Can the Camera read my Face?
Engineers around the world are on a mission to make AI more advanced as the days progress and one major part of this intelligence pertains to emotional intelligence as well. To be able to read and gauge human emotions and take action accordingly. But when the tech surrounding simple facial recognition cameras is not fully developed or accurate what can one infer about more advanced emotion mapping?
The belief that we can decide what a person is feeling by studying their expressions is controversial. Various studies across the globe have suggested that this technology is half baked and can be dangerous. Speaking to The Verge, and online technology magazine, Lisa Feldman Barrett, a professor of psychology at Northeastern University said, “They can detect a scowl, but that’s not the same thing as detecting anger.”
Language here is also something that must be taken into consideration. The UP Police said that the cameras are equipped to identify signs of distress – but distress is a vague term that one can’t really draw a conclusion from. I could be in distress because I’m being stalked by a stranger or I could be in distress because of excessive flatulence caused by an oily meal, or I could be frowning in distress because of a fight on a phone call. Is the police going to be alerted on all accounts? Must I show my distress by loud facial expressions? What if I freeze up in peak distress? What about my internal distress? Who’s answering these questions?
That this decision by the UP Police, is among the many policies that are actively seeking to impinge upon a woman’s autonomy over her own body and decisions is not news to anyone. However, mass surveillance, where an individual has no information on where private data is being stored – let alone have any say or consent on how this information will be used, is a far more glaring problem than anything else. Regulation of technology is near impossible, because tech develops at the speed of light, and law can never possibly catch up. Our data protection laws are not in place, anyone can get access to any kind of data. We still don’t know who will be monitoring these cameras live, and what is the guarantee that this information will not be misused.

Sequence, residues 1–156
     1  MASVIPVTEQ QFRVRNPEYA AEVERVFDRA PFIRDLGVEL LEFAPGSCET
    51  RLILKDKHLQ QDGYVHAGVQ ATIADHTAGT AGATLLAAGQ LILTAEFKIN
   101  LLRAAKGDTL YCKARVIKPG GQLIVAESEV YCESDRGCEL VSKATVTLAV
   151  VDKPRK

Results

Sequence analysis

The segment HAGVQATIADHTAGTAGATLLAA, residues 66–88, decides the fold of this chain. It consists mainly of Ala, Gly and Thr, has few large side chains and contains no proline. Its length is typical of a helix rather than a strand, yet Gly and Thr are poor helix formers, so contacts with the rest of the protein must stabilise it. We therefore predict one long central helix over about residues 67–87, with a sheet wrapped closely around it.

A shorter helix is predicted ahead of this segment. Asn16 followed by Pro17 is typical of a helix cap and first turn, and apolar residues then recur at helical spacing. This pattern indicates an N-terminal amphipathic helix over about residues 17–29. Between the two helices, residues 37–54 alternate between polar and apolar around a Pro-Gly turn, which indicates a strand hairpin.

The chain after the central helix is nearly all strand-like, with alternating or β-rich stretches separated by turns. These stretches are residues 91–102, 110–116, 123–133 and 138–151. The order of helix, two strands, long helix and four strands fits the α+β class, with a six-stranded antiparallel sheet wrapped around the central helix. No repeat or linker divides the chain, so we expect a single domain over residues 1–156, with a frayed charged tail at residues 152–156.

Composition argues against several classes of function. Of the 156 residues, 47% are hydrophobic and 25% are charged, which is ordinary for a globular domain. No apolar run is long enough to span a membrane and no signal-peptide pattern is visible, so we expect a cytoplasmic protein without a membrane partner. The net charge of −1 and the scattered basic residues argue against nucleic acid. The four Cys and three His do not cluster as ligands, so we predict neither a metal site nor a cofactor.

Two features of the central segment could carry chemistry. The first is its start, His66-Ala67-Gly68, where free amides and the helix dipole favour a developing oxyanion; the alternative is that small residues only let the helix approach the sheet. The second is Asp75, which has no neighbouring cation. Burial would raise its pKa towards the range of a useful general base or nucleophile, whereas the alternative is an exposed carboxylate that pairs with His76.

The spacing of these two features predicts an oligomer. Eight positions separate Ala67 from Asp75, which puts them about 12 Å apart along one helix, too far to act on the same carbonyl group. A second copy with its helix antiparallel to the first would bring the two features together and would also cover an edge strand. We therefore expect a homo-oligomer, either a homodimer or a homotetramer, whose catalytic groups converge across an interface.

In a state that’s constantly trying to prove to the public that women have no agency with concepts such as ‘Love Jihad’, is it a surprise that women’s consent is so often ignored? What’s needed more than these blockades to our already limited freedom is the understanding that women have autonomy and agency, as well as active unlearning of years of patriarchal saviour complex.
One can only wait for a day when those in power understand that the solution to stalking can’t be…well stalking. And while you wait, remember to smile, the UP Police is watching.
Author’s Note: To know more about how facial recognition cameras are currently operating in India do check out Project Panoptic by Internet Freedom Foundation. The project is currently trying to map all existing facial recognition systems in the country and create accountability around them.
Featured Image Source: Telegraph India